Meet and Greet with Graham

By Chamiya Carnathan

Have you ever wondered what candidates running for DC Council member in DC are thinking of the rising violence against Asians and Pacific Islanders? On Friday, October 14th, 2022, my classmate, Penelope Morris, and I, along with the Executive Director of Globalize DC, met Graham McLaughlin in the home of Allister Chang and discussed with him the issues of anti-Asian hate. 

Graham McLaughlin is an Executive at a Fortune 10 company. For eight years, he rented rooms in his house to men out of jail or federal prison to support former inmates in the District. He also frequently hosts events at his home: Sunday meals for talking about religion, Thursday dinners for ex-offenders to learn business skills, and Pancake Saturdays for ex-offenders rebuilding their lives as well as anyone else in the mood for brunch and chat. He received an endorsement from the Washington Post stating that his top priorities include reducing crime and discrimination against LGBT residents. 

Because he knew about our Japanese Tamago #Stop Asian Hate Project, Allister Chang, Ward 2 Member on the DC State Board of Education, invited Globalize DC, as well as several of his own friends, to his home to meet Graham McLaughlin and raise concerns about affordable housing, violence against ethnic groups, support for teachers, and more. “On your education page, I see that you’re passionate about getting children the education that they need,” I said in response to one of the numerous inquiries Graham received, “The social studies standards don’t provide enough information on Asian American history, so I was curious what you thought about inclusion of Asian American standards.” Graham retorted that while he agrees that the standards fall short of meeting their full potential in terms of Asian American content, he lacks the necessary background to speak on the subject of curriculum and Asian American history. In response, Penelope asked if he would be open to collaborating with AAPI organizations to discuss the inclusion of more Asian American history in the DCPS Social Studies Standards. In response, Graham said that he definitely would work with AAPI organizations to advance Asian inclusion in education in the future. This response fit Graham’s character, as he seemed to appreciate the need for collaboration in order to resolve many of DC’s concerns.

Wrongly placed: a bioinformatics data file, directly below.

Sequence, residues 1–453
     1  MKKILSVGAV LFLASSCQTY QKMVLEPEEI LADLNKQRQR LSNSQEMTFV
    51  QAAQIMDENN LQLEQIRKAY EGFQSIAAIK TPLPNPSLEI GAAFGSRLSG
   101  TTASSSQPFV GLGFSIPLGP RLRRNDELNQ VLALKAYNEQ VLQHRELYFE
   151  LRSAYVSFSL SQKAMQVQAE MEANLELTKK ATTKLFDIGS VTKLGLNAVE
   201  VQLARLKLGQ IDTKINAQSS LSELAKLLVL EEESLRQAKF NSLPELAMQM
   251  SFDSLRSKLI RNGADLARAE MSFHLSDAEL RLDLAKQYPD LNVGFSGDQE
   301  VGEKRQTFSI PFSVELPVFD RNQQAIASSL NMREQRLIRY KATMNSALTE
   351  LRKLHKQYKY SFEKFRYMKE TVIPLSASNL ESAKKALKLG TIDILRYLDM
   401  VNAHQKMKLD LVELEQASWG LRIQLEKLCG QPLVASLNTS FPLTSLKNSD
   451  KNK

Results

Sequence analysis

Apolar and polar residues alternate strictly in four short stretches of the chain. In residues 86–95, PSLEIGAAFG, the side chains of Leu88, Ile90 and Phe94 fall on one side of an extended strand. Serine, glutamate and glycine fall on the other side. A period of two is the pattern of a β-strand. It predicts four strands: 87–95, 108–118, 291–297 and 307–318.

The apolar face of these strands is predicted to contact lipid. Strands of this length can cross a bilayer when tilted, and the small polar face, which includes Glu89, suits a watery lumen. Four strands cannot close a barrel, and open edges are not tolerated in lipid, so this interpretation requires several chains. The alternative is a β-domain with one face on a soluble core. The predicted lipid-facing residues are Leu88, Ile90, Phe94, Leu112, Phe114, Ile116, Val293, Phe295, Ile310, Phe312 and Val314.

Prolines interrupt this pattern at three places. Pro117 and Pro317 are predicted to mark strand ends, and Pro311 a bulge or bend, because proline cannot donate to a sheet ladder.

In conclusion, meeting Graham McLaughlin was a terrific opportunity to learn about the political philosophies of prospective Council members. I learned from meeting Graham that he was an honest man who was aware of his talents as well as areas where he still needed to learn more. 

Stop Asian Hate – Picking up where we left off

By Penelope Morris

As Globalize DC’s Japanese Plus program starts up again after two years, we are excited to get back to our #Stop Asian Hate Project that we began in the spring of 2021. The project began as a way for us to give back to a community that we, as DC high school students of Japanese, are interested in. We feel that because Asians and Asian Americans have contributed so much to American culture, it is our responsibility to help fight against the rise in anti-Asian/AAPI hate that has taken place since the start of the pandemic.